1. Memories of a Creston Hills kid: A 2010 post on the Nelson dairy farm located near today's 78th Street and Highway 100 had Jeff Strate remembering growing up in the Creston Hills neighborhood in the 1950s.
For me, this photo is hip and cool because it shows a landscape that was part of my youth. We rode bikes to the ends of Dewey Hill Road, Cahill Road and Bush Lake from our Creston Hills neighborhood. I recall the cornfield where Southdale was constructed. Thank you for posting it. Keep 'em comin'.
Jeff also commented on the gas station post from last week.
I recall this Pure station and the one kitty corner from Clancy's Drugs. We lived closest to the one pictured here. My dad John would stop there for gas and air. In the background on the right side of the station to the west is the Southdale residential subdivision. Further west and of sight was the Creston Hills subdivision. Note the display piles of new tires for sale and the S&H Green Stamps sign ... both common enticements offered by local gas stations back when the price of a gallon of regular was posted for years on signs at 29.9.
For anyone reading this post years from now, today's gas station prices are between $3.49 and $3.55 per gallon.
Jeff wrote a short memoir "Paradise Lost" about growing up in Creston Hills. The Edina Sun Current published an excerpt (a hilarious story about Jeff's encounters with a bull in his newly built subdivision) in its Oct. 27, 2010, issue.
3. Trading stamps history. Most Generation X and younger folks probably don't remember trading stamps. Like the "Buy 10, get one free" type punch cards, trading stamps were designed to build customer loyalty, but on a bigger scale. Spend more money, get more green stamps and get free gifts like sewing machines and row boats. (At least, a Brady Bunch episode from 1970 had the boys wanting the boat and the girls wanting the sewing machine. They compromised and traded their stamps in for a television set. However, I remember my mom earning only enough to buy a few place settings of dishes.)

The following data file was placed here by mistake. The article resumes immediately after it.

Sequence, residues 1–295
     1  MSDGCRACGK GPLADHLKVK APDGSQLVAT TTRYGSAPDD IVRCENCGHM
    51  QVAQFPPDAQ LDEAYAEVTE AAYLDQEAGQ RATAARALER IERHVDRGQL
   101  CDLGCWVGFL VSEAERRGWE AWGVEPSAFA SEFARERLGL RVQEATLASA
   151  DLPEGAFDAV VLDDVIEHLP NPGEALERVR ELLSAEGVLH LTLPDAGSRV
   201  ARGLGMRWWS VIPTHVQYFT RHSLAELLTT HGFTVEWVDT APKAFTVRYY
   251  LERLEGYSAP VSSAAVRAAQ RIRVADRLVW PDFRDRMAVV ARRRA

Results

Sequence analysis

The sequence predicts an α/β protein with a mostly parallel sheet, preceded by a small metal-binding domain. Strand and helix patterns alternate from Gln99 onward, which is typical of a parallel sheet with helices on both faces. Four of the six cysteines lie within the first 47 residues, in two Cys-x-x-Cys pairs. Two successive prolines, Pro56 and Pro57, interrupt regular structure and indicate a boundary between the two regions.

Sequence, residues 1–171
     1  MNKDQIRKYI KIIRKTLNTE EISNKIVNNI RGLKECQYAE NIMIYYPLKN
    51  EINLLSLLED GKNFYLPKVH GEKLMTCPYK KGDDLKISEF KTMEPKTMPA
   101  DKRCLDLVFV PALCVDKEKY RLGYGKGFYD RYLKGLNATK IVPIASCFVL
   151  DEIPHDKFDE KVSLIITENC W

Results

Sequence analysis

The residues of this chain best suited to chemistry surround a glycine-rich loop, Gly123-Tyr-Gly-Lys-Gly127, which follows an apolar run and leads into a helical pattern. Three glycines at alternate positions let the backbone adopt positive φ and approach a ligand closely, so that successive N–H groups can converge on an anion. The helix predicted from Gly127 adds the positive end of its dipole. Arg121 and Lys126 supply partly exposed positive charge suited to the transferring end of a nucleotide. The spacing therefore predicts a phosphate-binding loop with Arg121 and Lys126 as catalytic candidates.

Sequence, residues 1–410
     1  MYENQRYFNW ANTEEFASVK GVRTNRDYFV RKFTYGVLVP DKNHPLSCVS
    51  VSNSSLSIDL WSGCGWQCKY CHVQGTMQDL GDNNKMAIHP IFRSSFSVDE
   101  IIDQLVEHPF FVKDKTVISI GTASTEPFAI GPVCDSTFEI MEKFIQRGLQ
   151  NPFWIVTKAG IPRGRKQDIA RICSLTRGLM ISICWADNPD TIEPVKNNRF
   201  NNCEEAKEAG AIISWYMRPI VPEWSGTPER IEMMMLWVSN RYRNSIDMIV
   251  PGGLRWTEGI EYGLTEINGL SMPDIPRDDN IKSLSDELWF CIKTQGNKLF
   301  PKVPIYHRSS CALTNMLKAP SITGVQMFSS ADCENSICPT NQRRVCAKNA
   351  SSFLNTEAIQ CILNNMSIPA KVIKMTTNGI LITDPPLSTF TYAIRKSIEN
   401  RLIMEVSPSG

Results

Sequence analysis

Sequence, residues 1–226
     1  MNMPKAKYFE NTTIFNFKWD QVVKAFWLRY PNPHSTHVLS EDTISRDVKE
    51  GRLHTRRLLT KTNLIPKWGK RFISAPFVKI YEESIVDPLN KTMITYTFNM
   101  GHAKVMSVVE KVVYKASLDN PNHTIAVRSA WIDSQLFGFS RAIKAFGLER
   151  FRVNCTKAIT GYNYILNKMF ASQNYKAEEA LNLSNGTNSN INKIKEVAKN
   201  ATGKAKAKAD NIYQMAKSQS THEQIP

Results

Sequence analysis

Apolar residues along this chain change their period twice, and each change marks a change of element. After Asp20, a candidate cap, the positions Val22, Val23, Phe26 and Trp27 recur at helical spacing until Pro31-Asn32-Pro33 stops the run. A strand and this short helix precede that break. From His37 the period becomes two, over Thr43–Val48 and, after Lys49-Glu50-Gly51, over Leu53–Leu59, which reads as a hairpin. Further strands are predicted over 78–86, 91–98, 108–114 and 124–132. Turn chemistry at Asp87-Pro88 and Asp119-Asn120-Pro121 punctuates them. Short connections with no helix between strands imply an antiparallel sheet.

Edina's Curt Carlson, who began his entrepreneurial career as a newspaper carrier in the Morningside neighborhood, created Gold Bond trading stamps. His success with the business helped him launch the multinational Carlson Companies and make him one of the richest men in Minnesota.
For more on Curt Carlson, see this transcript of an interesting MPR interview with him. For more on trading stamps history, see this article from Studio Z-7, a publishing company in Minneapolis.
3. Ray's Dairy Store. In response to this post on Edina's corner stores, Jeff Thompson wrote:
I grew up in the sixties near 60th and France Avenue and our "corner store" was Ray's Dairy Store on 54th Street just west of France. It was operated by Ray and his wife Dorothy. I remember Ray always seemed fond of us kids but his wife did not seem very happy whenever we came in. Ray was a small man but his wife was a rather large woman who with one look told us we had better behave while in the store. They lived in an apartment above the store. The building still stands today as a craft or needle point shop.
From Jeff's description, it sounds like the store is now the Picket Fence, 3907 West 54th Street, Edina. Am I right?
Did you know: Author Nancy Carlson, who grew up in Edina, wrote Arnie and the Stolen Markers, based on her childhood experience of shoplifting a candy bar from Ray's Dairy Store. (Perhaps Ray's wife had her reasons to give kids the stink eye, huh?) The book is currently out of print, but is available through the Hennepin County Library system and is on display in our current "Growing Up in Edina" exhibit.
I would love to have photos and more information about the owners of Ray's Dairy store, as well as the other many small mom and pop stores in Edina (Tedman's, Cameron's, Docken's, etc.) If you have information to share, please email me or comment here.
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